can't support them," an Ottawa resident said. "How many art-history
    majors does one country need?"

    In an effort to ease tensions between the United States and Canada,

    Vice President Dick Cheney met with the Canadian ambassador and
    pledged that the administration would take steps to reassure liberals,
    a source close to Cheney said.

    "We're going to have some Peter, Paul & Mary concerts. And we might
    put some endangered species on postage stamps. The president is
    determined to reach out."

    Copyright © 2004, The Columbus Dispatch
    Thursday, December 23rd, 2004
    6:18 pm
    Pentagon Chief Increases Production Levels, Narrowly
    Avoids Catastrophic
    Temporal Anomaly

    Defense Secretary Donald Rumsfeld prepares to bend the
    fabric of
    U.S. - In bold defiance of the fundamental laws that
    bind the universe
    together, Secretary of Defense Donald Rumsfeld today
    ordered the
    increased production of vehicle armor for U.S. troops
    in Iraq.

    Previously, Rumsfeld had said that the construction of
    armor and other
    protective gear was already proceeding as quickly as
    possible, based on
    the properties of matter and energy as they are
    currently known. In an
    appearance last week before U.S. troops preparing to
    deploy to Iraq, a
    soldier asked the Defense chief why troops were forced
    to scrounge for
    armor in Kuwaiti junkyards. Rumsfeld replied that the
    military was
    already providing armor as fast as possible, saying
    that "It's
    essentially a matter of physics, not a matter of
    money. It's a matter of
    production and the capability of doing it."

    Just days later, on Rumsfeld's orders, factories
    producing Humvee armor
    kits increased their production rate from 450 units
    per month to 550
    units per month, a 22% improvement over the maximum
    production rate
    physically possible.

    Scientists are baffled over how the Defense Secretary
    accomplished this
    feat without causing the universe to explode. "At a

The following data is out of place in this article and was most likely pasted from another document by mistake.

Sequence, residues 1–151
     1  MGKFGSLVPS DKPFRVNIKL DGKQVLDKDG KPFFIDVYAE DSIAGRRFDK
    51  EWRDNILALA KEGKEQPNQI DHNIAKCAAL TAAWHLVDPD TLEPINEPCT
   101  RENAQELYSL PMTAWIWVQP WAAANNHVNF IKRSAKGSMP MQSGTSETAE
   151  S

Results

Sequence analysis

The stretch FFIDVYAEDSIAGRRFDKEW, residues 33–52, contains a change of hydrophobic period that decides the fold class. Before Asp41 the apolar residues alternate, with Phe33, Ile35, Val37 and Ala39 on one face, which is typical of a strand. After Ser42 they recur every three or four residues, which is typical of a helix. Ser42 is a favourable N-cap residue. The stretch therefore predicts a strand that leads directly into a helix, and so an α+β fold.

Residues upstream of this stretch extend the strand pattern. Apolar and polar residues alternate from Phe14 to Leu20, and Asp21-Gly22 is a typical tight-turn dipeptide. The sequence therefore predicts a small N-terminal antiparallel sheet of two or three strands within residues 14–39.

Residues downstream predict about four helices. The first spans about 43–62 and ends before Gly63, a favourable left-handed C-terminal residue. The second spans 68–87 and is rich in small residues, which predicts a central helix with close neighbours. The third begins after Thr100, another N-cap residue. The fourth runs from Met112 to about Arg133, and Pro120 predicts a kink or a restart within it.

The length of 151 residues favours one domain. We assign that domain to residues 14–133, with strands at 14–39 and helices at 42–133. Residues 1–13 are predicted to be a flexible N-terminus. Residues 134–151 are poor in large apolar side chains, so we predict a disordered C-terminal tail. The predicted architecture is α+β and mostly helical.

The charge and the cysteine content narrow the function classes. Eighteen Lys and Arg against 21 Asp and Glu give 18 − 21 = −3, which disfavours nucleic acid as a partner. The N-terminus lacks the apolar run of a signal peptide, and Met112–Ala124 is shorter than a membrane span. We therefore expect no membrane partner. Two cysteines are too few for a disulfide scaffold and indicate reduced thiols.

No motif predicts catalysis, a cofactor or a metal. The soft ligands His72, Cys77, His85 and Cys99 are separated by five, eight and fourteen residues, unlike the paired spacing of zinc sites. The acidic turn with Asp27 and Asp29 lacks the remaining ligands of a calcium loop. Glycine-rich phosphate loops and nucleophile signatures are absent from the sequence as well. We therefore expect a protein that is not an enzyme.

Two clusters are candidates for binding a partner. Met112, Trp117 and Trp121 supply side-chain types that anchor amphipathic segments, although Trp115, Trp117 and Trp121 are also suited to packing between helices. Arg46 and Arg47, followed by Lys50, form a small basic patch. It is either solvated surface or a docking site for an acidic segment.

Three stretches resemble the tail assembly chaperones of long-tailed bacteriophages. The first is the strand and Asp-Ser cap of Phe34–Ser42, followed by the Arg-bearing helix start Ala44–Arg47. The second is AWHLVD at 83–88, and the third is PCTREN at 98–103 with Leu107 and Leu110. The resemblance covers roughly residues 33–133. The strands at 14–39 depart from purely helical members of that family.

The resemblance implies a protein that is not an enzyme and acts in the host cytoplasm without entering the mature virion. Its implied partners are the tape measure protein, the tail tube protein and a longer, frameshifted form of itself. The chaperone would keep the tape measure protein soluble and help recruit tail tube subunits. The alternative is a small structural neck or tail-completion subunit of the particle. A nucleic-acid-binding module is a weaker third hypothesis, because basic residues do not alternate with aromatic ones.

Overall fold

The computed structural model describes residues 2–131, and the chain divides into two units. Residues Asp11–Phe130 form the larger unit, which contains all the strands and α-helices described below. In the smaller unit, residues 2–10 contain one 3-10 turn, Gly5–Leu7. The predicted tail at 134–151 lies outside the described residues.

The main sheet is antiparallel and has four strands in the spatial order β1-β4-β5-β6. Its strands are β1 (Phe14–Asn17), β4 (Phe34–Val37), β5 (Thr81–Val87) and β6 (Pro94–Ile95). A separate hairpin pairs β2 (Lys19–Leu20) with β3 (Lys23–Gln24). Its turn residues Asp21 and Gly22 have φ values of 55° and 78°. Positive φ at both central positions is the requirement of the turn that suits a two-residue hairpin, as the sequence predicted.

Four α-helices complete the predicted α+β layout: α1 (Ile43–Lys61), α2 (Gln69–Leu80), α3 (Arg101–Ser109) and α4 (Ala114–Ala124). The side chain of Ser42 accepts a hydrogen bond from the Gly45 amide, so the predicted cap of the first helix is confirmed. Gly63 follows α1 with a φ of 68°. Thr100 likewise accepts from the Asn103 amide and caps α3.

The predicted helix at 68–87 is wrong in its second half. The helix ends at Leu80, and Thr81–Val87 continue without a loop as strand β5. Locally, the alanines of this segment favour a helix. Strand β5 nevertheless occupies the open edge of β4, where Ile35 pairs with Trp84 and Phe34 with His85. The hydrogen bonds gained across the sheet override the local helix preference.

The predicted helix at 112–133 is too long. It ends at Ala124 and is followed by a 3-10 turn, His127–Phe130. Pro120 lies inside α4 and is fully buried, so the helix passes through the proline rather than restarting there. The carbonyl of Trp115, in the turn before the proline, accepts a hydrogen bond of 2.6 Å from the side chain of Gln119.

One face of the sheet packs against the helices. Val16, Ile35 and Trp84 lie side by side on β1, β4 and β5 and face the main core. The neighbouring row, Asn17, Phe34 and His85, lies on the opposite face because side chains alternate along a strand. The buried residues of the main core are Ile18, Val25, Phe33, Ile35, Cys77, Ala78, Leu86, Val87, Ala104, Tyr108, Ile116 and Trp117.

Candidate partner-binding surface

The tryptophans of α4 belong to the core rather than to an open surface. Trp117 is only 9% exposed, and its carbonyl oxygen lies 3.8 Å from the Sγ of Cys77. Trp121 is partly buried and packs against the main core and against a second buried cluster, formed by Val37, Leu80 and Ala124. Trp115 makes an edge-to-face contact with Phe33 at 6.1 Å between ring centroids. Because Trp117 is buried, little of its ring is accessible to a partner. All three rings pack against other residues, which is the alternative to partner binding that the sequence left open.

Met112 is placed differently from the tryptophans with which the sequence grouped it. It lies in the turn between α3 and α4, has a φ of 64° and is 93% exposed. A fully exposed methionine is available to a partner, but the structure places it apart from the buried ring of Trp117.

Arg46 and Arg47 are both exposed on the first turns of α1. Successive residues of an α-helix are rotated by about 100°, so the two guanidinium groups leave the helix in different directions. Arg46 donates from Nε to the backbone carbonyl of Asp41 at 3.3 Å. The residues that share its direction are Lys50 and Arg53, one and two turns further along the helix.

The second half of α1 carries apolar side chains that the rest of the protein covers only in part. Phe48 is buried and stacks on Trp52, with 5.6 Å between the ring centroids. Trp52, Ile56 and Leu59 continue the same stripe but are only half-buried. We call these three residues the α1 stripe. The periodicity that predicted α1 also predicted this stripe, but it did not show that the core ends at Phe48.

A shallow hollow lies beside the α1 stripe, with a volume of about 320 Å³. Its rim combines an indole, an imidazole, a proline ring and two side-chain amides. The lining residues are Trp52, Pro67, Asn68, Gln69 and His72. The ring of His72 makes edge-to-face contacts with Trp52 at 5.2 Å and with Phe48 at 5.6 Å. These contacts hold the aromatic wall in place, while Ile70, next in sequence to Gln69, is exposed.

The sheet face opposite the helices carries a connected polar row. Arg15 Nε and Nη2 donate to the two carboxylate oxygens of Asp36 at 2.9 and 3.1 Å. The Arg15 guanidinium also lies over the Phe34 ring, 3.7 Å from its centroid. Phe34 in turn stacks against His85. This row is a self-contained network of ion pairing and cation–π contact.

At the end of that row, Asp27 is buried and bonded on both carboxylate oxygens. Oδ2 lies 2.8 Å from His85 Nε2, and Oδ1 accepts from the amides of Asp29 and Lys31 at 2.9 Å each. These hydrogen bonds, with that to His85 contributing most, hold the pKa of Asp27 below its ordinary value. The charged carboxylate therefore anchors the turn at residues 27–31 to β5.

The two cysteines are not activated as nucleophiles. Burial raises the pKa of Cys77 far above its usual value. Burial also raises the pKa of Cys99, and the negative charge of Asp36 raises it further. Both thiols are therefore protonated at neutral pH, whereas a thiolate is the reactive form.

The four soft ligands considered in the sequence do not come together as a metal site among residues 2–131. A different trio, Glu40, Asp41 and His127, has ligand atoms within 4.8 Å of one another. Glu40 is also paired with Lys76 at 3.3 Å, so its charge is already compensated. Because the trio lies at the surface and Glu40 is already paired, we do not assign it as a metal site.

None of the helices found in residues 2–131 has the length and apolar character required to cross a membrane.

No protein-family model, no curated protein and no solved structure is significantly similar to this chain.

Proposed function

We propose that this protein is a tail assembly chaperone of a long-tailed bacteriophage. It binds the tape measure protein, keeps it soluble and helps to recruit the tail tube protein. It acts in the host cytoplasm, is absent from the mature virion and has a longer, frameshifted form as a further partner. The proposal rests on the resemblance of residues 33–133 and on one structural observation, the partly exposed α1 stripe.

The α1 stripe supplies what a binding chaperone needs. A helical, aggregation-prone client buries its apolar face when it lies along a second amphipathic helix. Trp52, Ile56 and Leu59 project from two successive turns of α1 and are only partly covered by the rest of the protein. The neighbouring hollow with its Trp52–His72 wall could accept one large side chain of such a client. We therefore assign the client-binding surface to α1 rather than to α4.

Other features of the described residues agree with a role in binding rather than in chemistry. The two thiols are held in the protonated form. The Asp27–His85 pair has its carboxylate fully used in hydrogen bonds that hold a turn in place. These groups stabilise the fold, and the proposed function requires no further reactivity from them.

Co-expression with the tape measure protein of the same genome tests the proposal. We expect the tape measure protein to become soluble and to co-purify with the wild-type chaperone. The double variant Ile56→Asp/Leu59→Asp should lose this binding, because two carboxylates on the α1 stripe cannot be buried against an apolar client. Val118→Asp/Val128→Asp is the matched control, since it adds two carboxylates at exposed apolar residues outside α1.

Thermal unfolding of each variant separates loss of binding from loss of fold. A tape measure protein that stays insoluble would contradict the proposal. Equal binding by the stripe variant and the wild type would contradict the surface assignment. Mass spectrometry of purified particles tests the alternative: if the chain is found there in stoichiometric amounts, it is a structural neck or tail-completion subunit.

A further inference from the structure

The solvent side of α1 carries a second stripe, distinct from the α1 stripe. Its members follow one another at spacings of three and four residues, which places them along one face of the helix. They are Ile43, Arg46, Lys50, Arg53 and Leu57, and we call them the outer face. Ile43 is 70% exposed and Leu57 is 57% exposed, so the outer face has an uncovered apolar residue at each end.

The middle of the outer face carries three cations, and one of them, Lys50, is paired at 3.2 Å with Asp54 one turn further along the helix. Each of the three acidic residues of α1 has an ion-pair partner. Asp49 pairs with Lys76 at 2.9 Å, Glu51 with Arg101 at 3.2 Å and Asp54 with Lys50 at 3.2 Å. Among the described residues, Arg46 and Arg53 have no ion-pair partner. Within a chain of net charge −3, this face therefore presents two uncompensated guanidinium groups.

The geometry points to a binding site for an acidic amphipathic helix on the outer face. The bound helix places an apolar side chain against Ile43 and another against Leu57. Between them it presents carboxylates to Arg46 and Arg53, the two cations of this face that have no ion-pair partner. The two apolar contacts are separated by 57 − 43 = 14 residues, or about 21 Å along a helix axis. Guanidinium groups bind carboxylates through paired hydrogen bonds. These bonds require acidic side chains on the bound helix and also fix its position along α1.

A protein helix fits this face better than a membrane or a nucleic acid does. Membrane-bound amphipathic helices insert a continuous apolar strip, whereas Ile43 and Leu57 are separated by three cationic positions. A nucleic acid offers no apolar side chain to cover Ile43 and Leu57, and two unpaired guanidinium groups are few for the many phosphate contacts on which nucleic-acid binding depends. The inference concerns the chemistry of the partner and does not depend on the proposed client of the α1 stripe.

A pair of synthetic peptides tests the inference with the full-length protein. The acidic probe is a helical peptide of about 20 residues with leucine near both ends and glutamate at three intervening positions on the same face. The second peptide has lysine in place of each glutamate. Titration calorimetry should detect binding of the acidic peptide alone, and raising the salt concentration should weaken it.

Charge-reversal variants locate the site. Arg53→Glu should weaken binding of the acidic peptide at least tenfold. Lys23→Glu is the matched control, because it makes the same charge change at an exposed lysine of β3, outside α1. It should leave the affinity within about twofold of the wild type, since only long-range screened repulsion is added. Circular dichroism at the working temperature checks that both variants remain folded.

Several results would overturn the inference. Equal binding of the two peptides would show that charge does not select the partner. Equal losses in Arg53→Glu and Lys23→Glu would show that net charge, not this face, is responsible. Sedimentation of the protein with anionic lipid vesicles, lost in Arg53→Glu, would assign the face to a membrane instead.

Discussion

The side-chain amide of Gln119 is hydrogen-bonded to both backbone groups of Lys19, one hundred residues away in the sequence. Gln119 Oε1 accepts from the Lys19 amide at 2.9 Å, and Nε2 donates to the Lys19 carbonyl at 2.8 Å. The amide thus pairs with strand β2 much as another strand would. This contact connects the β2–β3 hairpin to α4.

minimum, Rumsfeld
    must have suspended the law of conservation of matter,
    which states that
    matter cannot be created or destroyed," says Stephen
    Hawking, the
    Lucasian Professor of Mathematics at Cambridge
    University and one of the
    world's most renowned physicists.

    Scientists are baffled over how Rumsfeld accomplished
    this without
    causing the universe to explode.

    Others speculated that Rumsfeld may have increased
    production using a
    perpetual motion device invented by the highly
    secretive Impossible Task
    Force. The Bush administration, however, has denied
    that the ITF even
    exists. "In this administration, we obey the First Law
    Thermodynamics," President Bush has said.

    Another theory is that Rumsfeld increased production
    rates by traveling
    back in time and recalibrating the assembly lines to
    increase production
    rates for the past year or more. This theory could be
    tested by
    performing a carbon-dating procedure on Rumsfeld, but
    this is widely
    considered impractical.

    Although production levels have been improved,
    Rumsfeld said he did not
    know how long it would take to install armor on the
    Humvees currently in
    Iraq. Explaining his uncertainty, Rumsfeld cited the
    principle, a key concept in quantum physics which
    states that it is
    impossible to simultaneously know both the location
    and direction of
    movement of a Humvee.
    Saturday, December 18th, 2004
    7:12 pm
    American Overdose!
    What Are You, On Drugs?
    With so many Americans popping prescription meds, who
    needs nature and sex and exercise?

    By Mark Morford, SF Gate Columnist

    Wednesday, December 8, 2004

    The odds are very good that you are on drugs.

    Right now. This minute. As I type this and as you read
    this and as false Texas dictators rise and sad empires
    crumble and as this mad bewildered world spins in its
    frantically careening orbit, there's a nearly 50/50
    chance that some sort of devious synthetic chemical
    manufactured by some massive and largely heartless
    corporation is coursing through your bloodstream and